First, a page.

I believe that the debate marks an important milestone in the future of salmon farming in Scotland. Although it is centred on the Rural Economy and Connectivity Committee’s inquiry into salmon farming, much of the report highlights the work of the Environment, Climate Change and Land Reform Committee for its report on the environmental impacts of salmon farming.
Fish farming is the fastest growing form of animal food production on the planet, with around half of the fish that are consumed globally being raised in artificial environments. The importance of aquaculture to the Scottish rural economy cannot be overstated. The industry is a mainstay of many rural economies, particularly along the west and north-west coasts of Scotland. It supports more than 12,000 jobs and the supply chain companies, and it boosts exports from Scotland and the UK.
The 2016 Scottish Government strategy predicts an increase in salmon production to about 350,000 tonnes per year, which will potentially be worth in the region of £3.6 billion by 2030. The industry has huge potential to expand in the future, but it depends above all else on the health of the environment in which it operates. Whether or not the sector expands, it is clear that, with regard to its impact on the marine environment, the status quo is not an option. The REC Committee’s report clearly indicates that expansion will be possible only with more effective regulatory standards that ensure both that fish health issues are properly managed and that the impacts on our environment are minimised to absolutely ensure an economically and environmentally sustainable industry.
One reason why the inquiry was undertaken is the growing body of evidence of negative environmental impacts despite the fact that the aquaculture industry in Scotland invests heavily in innovation to solve environmental and fish health challenges. The ECCLR Committee highlighted the fact that the same issues that existed in 2002 around the environmental impact of salmon farming exist now, including concerns about high rates of sea lice, outbreaks of disease and escapes. Indeed, some of those issues have grown in scale and impact since 2002.
The ECCLR Committee concluded that we are at a critical point in considering how salmon farming develops in a sustainable way in relation to the environment, highlighting concerns that expansion is being developed without a full understanding of the environmental impact. With that in mind, I agree that an independent assessment of the industry’s environmental sustainability is necessary. However, I welcome the committee’s conclusion that there is insufficient evidence for introducing a moratorium on further expansion. I believe that that would be devastating for the industry, which we must seek to grow, albeit with the right safeguards in place.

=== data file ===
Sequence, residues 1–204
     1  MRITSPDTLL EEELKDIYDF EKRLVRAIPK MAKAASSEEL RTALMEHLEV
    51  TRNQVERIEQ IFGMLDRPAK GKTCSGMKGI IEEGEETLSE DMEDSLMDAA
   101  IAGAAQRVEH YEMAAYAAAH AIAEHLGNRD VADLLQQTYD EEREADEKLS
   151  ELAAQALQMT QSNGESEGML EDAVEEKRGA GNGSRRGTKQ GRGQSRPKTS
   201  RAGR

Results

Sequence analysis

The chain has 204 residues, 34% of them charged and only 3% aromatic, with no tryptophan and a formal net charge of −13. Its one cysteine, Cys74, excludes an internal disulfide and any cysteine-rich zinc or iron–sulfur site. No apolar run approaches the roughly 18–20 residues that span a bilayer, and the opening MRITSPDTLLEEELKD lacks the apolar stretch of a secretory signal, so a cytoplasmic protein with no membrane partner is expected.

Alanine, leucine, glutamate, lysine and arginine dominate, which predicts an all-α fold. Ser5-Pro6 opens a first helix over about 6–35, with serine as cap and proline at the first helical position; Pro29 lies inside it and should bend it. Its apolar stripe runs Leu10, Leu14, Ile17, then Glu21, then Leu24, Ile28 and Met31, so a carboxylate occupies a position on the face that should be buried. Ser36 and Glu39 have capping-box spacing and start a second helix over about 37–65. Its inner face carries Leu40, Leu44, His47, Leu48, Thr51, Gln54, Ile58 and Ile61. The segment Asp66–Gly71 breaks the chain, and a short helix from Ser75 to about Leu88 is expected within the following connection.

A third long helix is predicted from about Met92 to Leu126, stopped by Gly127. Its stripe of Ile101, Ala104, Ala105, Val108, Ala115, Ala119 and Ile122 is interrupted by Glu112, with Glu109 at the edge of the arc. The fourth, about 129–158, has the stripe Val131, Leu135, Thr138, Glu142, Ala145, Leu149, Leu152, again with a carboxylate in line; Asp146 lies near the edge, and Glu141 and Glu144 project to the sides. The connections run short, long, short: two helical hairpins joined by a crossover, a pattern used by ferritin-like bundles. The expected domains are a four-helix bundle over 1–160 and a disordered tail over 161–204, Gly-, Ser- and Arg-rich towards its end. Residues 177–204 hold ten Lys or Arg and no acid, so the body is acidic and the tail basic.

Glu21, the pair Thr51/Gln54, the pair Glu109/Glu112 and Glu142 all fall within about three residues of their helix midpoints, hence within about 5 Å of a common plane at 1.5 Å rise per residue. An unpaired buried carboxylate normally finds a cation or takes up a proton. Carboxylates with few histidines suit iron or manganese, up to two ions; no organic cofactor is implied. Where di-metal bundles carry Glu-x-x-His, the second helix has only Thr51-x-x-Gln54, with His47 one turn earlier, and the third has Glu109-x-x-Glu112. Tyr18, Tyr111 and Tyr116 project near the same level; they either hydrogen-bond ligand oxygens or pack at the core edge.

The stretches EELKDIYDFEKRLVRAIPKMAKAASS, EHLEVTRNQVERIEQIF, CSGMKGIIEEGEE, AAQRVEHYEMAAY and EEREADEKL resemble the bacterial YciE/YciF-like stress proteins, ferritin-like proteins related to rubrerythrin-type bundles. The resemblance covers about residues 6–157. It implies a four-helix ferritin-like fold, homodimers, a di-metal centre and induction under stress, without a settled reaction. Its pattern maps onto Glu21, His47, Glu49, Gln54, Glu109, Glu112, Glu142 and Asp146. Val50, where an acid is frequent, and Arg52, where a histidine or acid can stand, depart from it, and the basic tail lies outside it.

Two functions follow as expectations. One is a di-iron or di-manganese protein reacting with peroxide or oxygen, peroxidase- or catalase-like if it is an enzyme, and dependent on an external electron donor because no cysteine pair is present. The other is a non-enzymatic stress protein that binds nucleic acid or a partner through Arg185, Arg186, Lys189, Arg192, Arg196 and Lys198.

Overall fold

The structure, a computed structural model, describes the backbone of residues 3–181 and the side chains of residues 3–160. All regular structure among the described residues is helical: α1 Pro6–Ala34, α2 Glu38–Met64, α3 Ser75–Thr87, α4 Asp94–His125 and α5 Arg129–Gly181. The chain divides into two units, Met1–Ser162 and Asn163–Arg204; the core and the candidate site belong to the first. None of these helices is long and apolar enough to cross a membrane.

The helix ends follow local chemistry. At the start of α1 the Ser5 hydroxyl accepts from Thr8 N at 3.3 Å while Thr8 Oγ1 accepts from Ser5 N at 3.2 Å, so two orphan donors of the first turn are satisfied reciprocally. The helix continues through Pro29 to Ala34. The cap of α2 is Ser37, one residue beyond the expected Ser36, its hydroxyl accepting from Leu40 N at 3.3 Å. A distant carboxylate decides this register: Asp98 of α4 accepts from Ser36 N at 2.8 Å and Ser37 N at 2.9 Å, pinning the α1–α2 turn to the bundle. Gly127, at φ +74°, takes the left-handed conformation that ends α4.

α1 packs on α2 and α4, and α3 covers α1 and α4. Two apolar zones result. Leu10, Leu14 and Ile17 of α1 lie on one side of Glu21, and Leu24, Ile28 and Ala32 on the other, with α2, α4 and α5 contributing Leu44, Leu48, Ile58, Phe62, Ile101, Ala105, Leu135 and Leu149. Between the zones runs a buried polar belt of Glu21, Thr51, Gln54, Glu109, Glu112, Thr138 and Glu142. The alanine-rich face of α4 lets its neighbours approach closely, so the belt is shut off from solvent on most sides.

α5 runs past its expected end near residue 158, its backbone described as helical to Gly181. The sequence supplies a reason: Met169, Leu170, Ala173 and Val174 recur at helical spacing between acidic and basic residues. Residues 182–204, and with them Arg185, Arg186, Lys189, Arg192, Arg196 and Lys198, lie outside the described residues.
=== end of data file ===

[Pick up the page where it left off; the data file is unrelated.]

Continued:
I am pleased that the ECCLR Committee’s recommendation in relation to wild salmon populations—in particular, around the interactions between farmed and wild salmon—was included. Although it may be difficult to deliver in practice, the sharing of data must be encouraged across the sector in order to ensure that there is best practice across the industry.
Unfortunately, there is too little time to consider all of the report, so I will look particularly at the challenge of sea lice infestation. The ECCLR Committee’s position is that a precautionary approach must be taken to address any potential impact of sea lice infestation in salmon farms on our iconic wild salmon population. However, sea lice are only one of many factors affecting the wild salmon population; I look forward to the committee doing further work in exploring the fall in numbers in our rivers.
It is important to note that, since reporting began in 2013, the numbers of sea lice recorded at salmon farms were at their lowest in September 2018. Without question, the industry has invested considerably in an attempt to address the impacts of sea lice infestation on both farmed fish health and wild salmon populations. However, it is clear that the industry has yet to identify an effective means to deal with the parasite.
There are growing concerns about the use of emamectin benzoate and other anti-parasitic chemical treatments, which SEPA research concluded
“is significantly impacting local marine environments”.
Recommendation 26 of the REC Committee’s report
“endorses the ECCLR recommendations on” the use of cleaner fish species such as wrasse and the
“urgent need for an assessment of future demand”,
given the growing concern that the current unregulated fishery is wiping out local stocks completely.
Inshore fisheries and conservation authorities in England have introduced statutory regulation for the wrasse fishery. Will the minister consider replicating that best practice for Scottish waters? The industry talks about a shift to farmed cleaner fish, but the most recent data shows production of just 58,000 wrasse when projections show that the industry would need about 10 million a year by 2020. If the wild fishery collapses and farming cannot fill the gap, what is the future for alternatives to chemical lice control?